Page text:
•  Prioritize Target and Safety Schools. Once you have your list, focus on researching and targeting your safety and target schools first. Dream schools are also worth considering, but you should know that they can be very competitive.
  • Crafting an Effective Email to College Coaches. When reaching out to college coaches, it’s important to make a strong first impression through your initial email. Below, Tonya shares her “perfect email guide” where she includes a breakdown of the key sections to include:
    • Introduction and Interest: Start with a short introduction, expressing your interest in their college and athletic program.
    • Academics: Highlight your academic achievements, such as GPA, test scores, membership in the National Honor Society, or any other relevant awards.
    • Athletics: Include your athletic accomplishments, such as rankings, stats, times, and physical attributes if applicable.
    • Highlight Reel: Share a brief highlight reel that showcases your skills. Keep it within five to seven minutes.
    • Unique Value Proposition: What sets you apart from other recruits? Why would you be a valuable addition to their program? This section allows you to humble brag about your unique qualities.
    • Call to Action: Clearly state your intention and request a response or action from the coach. Often, this step is overlooked but it’s actually important to progress the conversation.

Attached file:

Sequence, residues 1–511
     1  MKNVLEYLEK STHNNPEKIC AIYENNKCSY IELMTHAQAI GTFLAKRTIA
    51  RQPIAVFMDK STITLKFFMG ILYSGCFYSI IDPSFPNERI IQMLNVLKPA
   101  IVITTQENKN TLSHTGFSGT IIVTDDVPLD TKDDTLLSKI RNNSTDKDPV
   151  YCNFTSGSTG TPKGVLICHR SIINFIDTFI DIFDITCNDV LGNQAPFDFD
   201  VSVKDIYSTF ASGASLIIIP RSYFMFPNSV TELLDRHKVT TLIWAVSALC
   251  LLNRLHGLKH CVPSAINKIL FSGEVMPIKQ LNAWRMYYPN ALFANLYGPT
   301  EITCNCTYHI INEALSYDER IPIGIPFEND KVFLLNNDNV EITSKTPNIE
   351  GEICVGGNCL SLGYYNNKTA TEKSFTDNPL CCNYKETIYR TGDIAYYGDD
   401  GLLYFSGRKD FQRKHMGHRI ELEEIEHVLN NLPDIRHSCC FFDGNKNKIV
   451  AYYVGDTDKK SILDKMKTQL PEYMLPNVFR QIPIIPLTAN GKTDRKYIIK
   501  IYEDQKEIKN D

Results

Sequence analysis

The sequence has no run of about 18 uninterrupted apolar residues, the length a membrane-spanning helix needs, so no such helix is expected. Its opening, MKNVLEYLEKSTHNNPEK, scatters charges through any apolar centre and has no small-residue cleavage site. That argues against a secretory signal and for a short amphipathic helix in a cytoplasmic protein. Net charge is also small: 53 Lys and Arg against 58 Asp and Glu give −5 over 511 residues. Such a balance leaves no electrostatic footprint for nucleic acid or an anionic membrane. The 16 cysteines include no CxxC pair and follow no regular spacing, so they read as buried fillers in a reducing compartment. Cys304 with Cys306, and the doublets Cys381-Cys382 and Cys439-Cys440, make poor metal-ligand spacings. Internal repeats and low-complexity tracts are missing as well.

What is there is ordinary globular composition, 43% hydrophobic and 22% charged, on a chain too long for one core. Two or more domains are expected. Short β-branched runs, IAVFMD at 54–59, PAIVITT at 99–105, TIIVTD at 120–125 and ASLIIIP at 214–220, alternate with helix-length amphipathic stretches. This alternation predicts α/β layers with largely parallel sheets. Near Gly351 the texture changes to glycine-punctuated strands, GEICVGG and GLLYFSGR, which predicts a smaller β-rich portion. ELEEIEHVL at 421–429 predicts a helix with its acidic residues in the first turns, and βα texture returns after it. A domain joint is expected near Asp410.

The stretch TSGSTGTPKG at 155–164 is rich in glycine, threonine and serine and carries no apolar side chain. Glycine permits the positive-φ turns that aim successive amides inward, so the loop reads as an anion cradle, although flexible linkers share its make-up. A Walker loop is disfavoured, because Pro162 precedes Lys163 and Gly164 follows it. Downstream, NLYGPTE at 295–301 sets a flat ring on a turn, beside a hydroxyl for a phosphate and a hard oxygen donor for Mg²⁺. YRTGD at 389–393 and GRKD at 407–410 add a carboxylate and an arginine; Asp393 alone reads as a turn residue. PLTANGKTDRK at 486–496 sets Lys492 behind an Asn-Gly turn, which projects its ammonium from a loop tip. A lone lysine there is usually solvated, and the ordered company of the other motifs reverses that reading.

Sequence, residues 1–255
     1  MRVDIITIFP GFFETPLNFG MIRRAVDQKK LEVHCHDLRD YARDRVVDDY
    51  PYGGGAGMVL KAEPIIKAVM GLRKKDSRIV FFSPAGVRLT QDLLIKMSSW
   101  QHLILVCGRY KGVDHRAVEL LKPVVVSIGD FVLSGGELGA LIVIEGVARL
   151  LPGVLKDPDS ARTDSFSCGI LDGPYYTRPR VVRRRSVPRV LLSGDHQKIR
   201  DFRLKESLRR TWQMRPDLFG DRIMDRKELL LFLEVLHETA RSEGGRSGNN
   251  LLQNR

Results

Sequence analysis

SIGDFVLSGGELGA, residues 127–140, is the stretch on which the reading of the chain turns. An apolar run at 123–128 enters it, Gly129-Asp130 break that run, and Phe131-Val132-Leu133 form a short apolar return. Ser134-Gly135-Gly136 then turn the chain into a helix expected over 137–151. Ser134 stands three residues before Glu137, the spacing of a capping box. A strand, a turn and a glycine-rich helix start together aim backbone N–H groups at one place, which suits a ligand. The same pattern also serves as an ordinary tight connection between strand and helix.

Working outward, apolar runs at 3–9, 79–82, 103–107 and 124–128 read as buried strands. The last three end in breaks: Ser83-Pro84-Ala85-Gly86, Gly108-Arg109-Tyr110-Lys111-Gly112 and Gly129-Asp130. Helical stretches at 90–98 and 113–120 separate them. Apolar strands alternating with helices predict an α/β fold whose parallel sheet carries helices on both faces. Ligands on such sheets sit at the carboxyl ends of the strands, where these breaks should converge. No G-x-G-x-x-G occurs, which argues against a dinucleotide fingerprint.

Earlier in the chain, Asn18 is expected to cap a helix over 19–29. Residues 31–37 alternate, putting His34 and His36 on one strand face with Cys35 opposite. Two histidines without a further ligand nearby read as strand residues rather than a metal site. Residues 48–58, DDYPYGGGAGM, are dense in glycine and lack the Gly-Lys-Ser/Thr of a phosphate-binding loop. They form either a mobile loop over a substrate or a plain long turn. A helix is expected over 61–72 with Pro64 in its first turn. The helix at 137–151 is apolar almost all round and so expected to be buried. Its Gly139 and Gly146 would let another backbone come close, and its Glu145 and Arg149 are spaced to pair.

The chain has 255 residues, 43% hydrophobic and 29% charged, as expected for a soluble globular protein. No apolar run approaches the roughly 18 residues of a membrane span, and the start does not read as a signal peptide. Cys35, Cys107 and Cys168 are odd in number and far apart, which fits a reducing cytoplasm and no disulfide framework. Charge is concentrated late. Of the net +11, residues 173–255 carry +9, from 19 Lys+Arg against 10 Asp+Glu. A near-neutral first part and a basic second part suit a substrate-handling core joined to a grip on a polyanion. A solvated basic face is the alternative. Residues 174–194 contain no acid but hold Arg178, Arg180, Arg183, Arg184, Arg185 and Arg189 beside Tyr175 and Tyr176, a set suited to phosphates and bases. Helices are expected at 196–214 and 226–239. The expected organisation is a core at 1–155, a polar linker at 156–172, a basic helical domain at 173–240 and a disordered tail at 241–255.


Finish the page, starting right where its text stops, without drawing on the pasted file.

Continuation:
• Sign-off and Contact Information: Professionally conclude the email and provide your contact information for easy communication.
  • Recruiting Platforms. Recruiting platforms can be beneficial, but be careful when considering paid services. These platforms may not always be necessary, especially if you’re proactively reaching out to coaches and engaging in the process yourself. For instance, NCAA Division I coaches are less likely to rely on recruiting platforms as they have a high influx of recruits that approach them directly.
  • The Role of Parents. Parents play an important role in supporting their student-athletes throughout the recruiting journey. Here are some ways parents can contribute:
    •   Organization: Help your child organize their recruiting materials, including emails, spreadsheets, and social media presence.
    • Emotional Support: The recruiting process can have a lot of ups and downs, so provide your child with a strong support system.